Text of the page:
The decision to not drop the price for a game that doesn’t have the added cost of packaging and distribution may not sit well with gamers, but Lempel says Sony is comfortable with the decision.
“Right now there is no price difference,” he said. “We feel (the games) are competitively priced and that there is a ton of content across the spectrum.
He added that a price drop for digital games in the future is possible. “We’re always looking at our business model.”
The online store does have lower-priced, simpler games available for purchase. These “minis” cost $10 or less, take up less than 100 megs of memory and can’t have multiplayer or network functionality.
Publishers can also decide they want to place their bigger titles on sale, Lempel pointed out.
“We’ve done a good amount of sales on the Playstation Network in the past,” he said.
One stumbling block for the new platform could prevent current Playstation Portable owners from upgrading to the new handheld.
There is now no way for a Playstation Portable owner to transfer their library of UMD games to the download-only PSPgo. Yoshida told us that Sony “seriously looked into solutions” but that legal and technical issues prevented it from coming up with a system that would work.
Lempel says that the biggest issue was not just about the games, but rather the game’s music and other royalty issues.
To try and make up for that, Playstation Portable owners in Europe who upgrade to the PSPgo will get three free download games. Currently, there are no such plans for potential upgraders in the U.S., Lempel said. He did add that new bundles for the PSPgo could be heading for the U.S. in the future.
While the PSPgo gives gamers the convenience of instantly purchasing games online without having to leave their homes and the ability to carry many of those titles with them without the need of extra discs, the device is a much bigger win for publishers and Sony.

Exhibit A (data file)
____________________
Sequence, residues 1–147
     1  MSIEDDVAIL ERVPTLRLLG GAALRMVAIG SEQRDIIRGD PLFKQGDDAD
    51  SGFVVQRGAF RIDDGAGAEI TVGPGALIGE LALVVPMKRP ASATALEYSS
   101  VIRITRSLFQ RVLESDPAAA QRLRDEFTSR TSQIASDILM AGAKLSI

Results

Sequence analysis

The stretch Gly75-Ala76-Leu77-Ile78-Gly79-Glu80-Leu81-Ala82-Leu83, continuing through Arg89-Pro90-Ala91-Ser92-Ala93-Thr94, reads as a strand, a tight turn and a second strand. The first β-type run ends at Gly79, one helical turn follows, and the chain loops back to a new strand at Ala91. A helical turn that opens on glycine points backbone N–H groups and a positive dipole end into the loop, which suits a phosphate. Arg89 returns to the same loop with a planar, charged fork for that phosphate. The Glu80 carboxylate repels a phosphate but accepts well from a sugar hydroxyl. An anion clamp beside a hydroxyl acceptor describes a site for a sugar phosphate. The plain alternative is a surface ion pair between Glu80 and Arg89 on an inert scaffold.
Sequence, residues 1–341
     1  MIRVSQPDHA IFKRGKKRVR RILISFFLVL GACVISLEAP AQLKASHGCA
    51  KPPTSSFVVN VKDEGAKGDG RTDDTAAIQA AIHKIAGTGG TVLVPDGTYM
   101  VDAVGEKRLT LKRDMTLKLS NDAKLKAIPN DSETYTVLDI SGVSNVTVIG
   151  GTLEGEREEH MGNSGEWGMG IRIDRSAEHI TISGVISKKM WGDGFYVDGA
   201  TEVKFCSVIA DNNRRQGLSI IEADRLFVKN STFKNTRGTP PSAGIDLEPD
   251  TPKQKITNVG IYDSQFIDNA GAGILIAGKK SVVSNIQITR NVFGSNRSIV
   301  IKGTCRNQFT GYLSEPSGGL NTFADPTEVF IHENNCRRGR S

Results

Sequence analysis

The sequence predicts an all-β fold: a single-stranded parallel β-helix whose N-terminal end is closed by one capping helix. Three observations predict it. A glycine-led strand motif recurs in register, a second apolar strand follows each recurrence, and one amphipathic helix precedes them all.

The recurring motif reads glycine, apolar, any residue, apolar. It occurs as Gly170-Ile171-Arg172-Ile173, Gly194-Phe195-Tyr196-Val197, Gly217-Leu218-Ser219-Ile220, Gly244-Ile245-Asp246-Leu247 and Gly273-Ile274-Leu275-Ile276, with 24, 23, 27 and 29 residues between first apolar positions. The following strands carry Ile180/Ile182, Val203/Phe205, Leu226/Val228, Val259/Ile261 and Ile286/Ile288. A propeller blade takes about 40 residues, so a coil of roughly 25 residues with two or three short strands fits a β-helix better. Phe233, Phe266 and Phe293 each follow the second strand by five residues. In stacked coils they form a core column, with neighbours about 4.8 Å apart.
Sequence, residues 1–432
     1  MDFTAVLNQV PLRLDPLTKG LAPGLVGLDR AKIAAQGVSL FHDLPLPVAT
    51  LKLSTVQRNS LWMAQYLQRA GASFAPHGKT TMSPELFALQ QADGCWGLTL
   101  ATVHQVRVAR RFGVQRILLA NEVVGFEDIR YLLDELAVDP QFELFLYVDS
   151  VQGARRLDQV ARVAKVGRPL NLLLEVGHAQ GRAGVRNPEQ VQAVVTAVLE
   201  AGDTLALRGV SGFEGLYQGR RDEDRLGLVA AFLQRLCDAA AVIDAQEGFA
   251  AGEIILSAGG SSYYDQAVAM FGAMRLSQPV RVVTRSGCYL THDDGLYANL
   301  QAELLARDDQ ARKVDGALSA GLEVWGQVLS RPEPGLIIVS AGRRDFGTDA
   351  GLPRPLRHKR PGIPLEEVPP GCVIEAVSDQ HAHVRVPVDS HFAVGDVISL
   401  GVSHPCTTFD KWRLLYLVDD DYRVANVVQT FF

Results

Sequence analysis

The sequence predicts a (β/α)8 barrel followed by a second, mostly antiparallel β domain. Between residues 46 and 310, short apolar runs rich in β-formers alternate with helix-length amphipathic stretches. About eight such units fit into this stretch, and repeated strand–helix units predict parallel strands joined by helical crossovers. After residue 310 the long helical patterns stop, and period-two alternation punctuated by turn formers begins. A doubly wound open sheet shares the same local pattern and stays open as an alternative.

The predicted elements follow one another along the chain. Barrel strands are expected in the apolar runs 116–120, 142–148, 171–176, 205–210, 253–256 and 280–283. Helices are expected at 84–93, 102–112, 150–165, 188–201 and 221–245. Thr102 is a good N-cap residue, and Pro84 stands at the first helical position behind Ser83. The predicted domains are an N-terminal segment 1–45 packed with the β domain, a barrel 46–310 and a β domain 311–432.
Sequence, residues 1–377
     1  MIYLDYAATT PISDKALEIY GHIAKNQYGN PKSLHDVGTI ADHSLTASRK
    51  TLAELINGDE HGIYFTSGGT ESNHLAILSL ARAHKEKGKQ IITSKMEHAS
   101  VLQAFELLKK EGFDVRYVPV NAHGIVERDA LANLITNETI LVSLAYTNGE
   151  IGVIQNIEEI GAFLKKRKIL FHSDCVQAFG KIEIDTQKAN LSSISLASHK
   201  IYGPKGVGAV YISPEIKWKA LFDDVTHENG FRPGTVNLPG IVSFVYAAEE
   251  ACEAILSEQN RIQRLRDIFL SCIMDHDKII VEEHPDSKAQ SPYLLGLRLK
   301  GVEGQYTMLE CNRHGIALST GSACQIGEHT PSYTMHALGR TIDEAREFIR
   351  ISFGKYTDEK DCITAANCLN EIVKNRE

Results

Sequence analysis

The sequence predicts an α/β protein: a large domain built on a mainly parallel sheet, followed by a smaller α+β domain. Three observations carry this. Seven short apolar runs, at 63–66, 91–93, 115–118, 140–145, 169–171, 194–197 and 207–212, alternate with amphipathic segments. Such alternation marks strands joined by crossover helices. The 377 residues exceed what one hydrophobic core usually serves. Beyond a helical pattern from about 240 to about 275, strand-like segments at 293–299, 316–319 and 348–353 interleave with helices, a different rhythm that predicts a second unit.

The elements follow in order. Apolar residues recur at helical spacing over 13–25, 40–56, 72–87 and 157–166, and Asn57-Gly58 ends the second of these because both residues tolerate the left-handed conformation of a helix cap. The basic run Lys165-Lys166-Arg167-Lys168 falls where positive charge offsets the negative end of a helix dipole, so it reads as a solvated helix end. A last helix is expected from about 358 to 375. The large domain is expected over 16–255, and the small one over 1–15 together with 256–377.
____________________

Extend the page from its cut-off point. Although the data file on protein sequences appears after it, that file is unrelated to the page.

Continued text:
If successful, the PSPgo and its download-only service completely kills the ability for gamers to sell off their titles or buy used copies of games.
A quick check of the top 10 rated games for the Playstation Portable found that half weren’t yet available in the Playstation Store and of those that were, only one was cheaper than the various stores and services that sell games used.
The PSPgo is driven by an interesting concept, and has a better design than its predecessor, but to succeed Sony has to drop the price of the handheld console and digital copies of games and should actively court publishers to have regular sales on their titles. Sony should also launch digital rentals of games and push gamer loyalty programs that reward frequent shoppers.
And why wouldn’t it?
Used games, next to perhaps piracy, is a publisher’s biggest concern. Moving gamers away from a system that supports the resale of titles, with nothing going into the pockets of publishers, is likely one of the video game industry’s top priorities.
But to do so with little to no reward for the consumer will alienate gamers and inevitably kill this first test of a download-only platform.
Four publishers and a retailer did not respond to requests for interviews for this story.
Brian Crecente is managing editor of Kotaku.com, a video-game Web site owned by Gawker Media. Join in the discussion at kotaku.com/tag/well-played.